Editor's note: Although about 1 in 7 women in the United States report experiencing chronic pelvic pain, the causes often go undiagnosed. Surveys indicate that about 15% of working women lose time from their jobs because of pelvic pain, and nearly half say it adversely affects their productivity.
Although the cause of pelvic pain can vary widely and is sometimes difficult to pinpoint, some clinicians think vulvodynia and interstitial cystitis are often unrecognized culprits.
A presentation at the National Association of Nurse Practitioners in Women's Health (NPWH) 15th Annual Conference, held in Orlando, Florida, highlighted insights on vulvodynia and interstitial cystitis, and provided practical tips on how to diagnosis and manage patients with those conditions.
In an email interview with Medscape Medical News, Susan Hoffstetter, PhD, WHNP-BC, FAANP, associate professor in the Department of Obstetrics, Gynecology, and Women's Health at the Saint Louis University School of Medicine in Missouri, discussed her presentation.
Medscape: What are the presenting symptoms of vulvodynia?
Dr. Hoffstetter: Women most commonly describe the pain of vulvodynia as a burning sensation, or stinging, soreness, rawness, irritation. Some even describe it as a "cut glass" sensation. Others say it is more of a searing, throbbing, tearing, or stabbing pain.
Women often present with complaints of dyspareunia or pain with tampon insertion. These women can be quite anxious during well-woman exams and report pain with insertion of the speculum.
Women with symptoms of vulvodynia often avoid activities that provoke or worsen the pain, such as prolonged sitting, biking, walking, or even wearing jeans or tight exercise clothes or underwear.
Medscape: What is the prevalence of vulvodynia?
Dr. Hoffstetter: The prevalence is anywhere from 3% to 18% of women of reproductive age, with onset most commonly between the ages of 18 and 25. Sadly, 60% of symptomatic women take an average of 3 different providers to receive the diagnosis of vulvodynia, and 40% of symptomatic women remain undiagnosed. There does not seem to be a difference between races; white, Hispanic, and black women have equal rates of occurrence.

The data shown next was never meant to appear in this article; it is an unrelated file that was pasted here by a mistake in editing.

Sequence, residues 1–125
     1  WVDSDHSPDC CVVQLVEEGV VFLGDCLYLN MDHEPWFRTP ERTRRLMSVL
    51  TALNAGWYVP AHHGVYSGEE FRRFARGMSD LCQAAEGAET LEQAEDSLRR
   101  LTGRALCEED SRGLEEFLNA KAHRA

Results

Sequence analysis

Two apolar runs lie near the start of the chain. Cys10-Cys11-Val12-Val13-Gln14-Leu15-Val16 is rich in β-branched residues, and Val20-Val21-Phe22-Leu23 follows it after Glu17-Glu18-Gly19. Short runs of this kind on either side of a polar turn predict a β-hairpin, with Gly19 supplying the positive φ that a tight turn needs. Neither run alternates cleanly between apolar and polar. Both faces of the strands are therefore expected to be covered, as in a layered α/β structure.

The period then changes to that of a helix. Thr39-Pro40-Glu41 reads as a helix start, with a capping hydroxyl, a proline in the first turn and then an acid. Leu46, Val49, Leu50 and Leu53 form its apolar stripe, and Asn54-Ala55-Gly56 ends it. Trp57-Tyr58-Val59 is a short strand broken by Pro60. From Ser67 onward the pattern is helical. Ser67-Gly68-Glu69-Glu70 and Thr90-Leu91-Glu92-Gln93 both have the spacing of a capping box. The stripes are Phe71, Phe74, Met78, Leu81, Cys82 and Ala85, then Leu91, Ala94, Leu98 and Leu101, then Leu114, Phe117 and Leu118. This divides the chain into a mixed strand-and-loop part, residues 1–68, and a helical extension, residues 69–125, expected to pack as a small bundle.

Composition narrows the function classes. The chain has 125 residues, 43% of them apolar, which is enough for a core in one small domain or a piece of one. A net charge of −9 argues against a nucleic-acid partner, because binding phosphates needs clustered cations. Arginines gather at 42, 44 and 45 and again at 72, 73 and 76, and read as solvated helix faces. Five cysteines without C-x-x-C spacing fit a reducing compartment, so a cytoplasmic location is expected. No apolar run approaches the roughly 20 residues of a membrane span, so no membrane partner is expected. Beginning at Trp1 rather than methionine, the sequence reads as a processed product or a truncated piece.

Medscape: Are there predisposing risk factors?
Dr. Hoffstetter: Recognizing that we do not understand the etiology of vulvodynia means that the risk factors are broad and, thus, run the gamut from allergens, early age of menarche and coitus, nulliparity, history of childhood enuresis, abuse (physical, emotional, and/or sexual), chronic skin conditions, and adverse life events (divorce, pregnancy termination, difficult childbirth).
Some people believe the use of oral contraceptives plays a role, causing the downregulation of estrogen receptors, which in turn causes the vestibular epithelium to become thin, fragile, and vulnerable. However, studies don't confirm that association. There is a correlation between oral contraceptive use and increased perception of pain in women with vulvodynia.
Medscape: What are the primary steps for working up a patient suspected of having vulvodynia?
Dr. Hoffstetter: The best tool for making a diagnosis of vulvodynia is your ears — listen to what your patient is telling you! As part of the patient's medical history, make sure you note any association between the onset or exacerbation of symptoms and life changes/stressors, changes in medical status, surgeries, and hormonal changes, including childbirth, lactation, and menopause. Physical examination should include evaluation for infection, inflammatory process, and vulvar dystrophies.
Vulvodynia may present as generalized on the vulva or localized within the vestibule. Q-tip testing is very important in making the appropriate diagnosis of vulvodynia. Note if sensitivity is present on the vulva or within the vestibule at the Skene's and Bartholin glands. Use a 0- to 10-point rating scale, with 0 being no pain/symptoms and 10 being the worst level of pain/symptoms. If a diagnosis of vulvodynia is made, Q-tip testing is helpful as an objective measure of level of discomfort (and hopefully improvement) over time.
Vulvodynia is ultimately a diagnosis of exclusion after all other potential causes have been ruled out and symptoms have persisted for at least 6 months.
Medscape: What classes of medication are available and how effective are they?
Dr. Hoffstetter: The initial treatment for any woman presenting with vulvar symptoms is to institute vulvar skin-care guidelines. These are designed to remove any contact irritants to the vulva, such as scented soaps, detergents, hot water, shaving, and washcloths.